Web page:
English 122: Free Speech, Censorship and Copyright
from the Declaration of Independence to Napster

Professor William Warner

English, UCSB, Winter 2003

overview | schedule | assignments | links | student projects | UCSB English | Transcriptions LCI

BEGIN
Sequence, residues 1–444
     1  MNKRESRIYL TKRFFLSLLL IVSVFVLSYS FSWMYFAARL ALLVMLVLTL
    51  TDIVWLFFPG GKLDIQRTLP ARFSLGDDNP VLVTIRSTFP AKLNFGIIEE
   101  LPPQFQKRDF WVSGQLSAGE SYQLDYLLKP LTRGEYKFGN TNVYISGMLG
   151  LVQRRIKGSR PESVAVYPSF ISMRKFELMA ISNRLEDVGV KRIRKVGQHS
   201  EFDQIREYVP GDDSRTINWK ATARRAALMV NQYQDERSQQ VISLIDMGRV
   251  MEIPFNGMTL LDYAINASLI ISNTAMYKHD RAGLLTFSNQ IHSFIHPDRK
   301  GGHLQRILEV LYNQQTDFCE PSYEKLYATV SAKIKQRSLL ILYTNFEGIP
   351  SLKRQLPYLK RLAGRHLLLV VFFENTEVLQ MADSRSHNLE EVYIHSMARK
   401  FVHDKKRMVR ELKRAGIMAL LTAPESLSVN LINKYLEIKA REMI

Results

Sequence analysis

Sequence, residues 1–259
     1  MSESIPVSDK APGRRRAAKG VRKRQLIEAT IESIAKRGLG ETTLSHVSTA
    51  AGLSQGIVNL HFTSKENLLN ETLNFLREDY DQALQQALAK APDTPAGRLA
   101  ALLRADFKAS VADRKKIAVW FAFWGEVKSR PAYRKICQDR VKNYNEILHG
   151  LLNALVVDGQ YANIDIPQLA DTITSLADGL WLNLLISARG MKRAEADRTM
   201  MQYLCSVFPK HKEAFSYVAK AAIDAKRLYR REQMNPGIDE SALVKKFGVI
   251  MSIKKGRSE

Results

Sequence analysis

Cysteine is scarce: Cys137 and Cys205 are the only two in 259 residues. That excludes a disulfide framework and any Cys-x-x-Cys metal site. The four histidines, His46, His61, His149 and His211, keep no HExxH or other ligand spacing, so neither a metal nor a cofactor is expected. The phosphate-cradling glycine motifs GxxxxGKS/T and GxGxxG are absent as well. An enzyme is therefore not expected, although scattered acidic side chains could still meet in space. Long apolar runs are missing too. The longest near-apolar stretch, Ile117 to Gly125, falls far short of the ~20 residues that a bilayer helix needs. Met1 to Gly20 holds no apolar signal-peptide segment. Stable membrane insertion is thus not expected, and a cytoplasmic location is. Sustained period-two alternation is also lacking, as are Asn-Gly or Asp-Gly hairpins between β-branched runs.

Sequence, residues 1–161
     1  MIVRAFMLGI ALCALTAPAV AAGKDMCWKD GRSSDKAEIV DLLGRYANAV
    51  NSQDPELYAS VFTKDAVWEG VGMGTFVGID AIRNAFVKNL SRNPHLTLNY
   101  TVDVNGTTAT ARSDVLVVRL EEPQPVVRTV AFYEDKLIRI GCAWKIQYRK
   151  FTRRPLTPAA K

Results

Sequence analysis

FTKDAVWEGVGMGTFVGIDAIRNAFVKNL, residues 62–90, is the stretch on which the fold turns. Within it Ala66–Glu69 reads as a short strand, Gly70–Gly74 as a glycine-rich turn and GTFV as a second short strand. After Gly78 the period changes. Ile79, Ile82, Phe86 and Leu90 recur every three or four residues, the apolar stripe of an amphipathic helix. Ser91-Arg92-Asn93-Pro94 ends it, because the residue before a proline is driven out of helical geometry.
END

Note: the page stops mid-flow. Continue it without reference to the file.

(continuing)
This course will study the Anglo-American origins and development of the idea of "free speech." We will begin by studying classic early statements of the 'right' to freedom of expression within democratic culture--selections from Milton's Areopagitica, Locke’s “Letter Concerning Toleration,” to the Declaration of Independence, and the Bill of Rights. Through a reading of Anthony Lewis's Make No Law, we will follow the evolution of the legal concept of free speech into the late 20th century. Central here will be a detailed study of the decisions made in a group of arguments made by Justices Holmes and Brandais during the early decades of the 20th century. Since these classic protections for “political” speech, new technologies—of radio, television and the Internet— and new forms of entertainment—like pornography—have posed new problems for the interpretation of the “right to free speech,” Most recently, new practices--like peer to peer file sharing (e.g. Napster)--have meant that one's ability to express ideas has entered the arena of copyright law, of how we conceptualizes the ownership of the cultural materials for expression. We will read selections from Lawrence Lessig's Code and Other Laws of Cyberspace to understand why it is risky to place a parody of Mickey Mouse upon the Internet.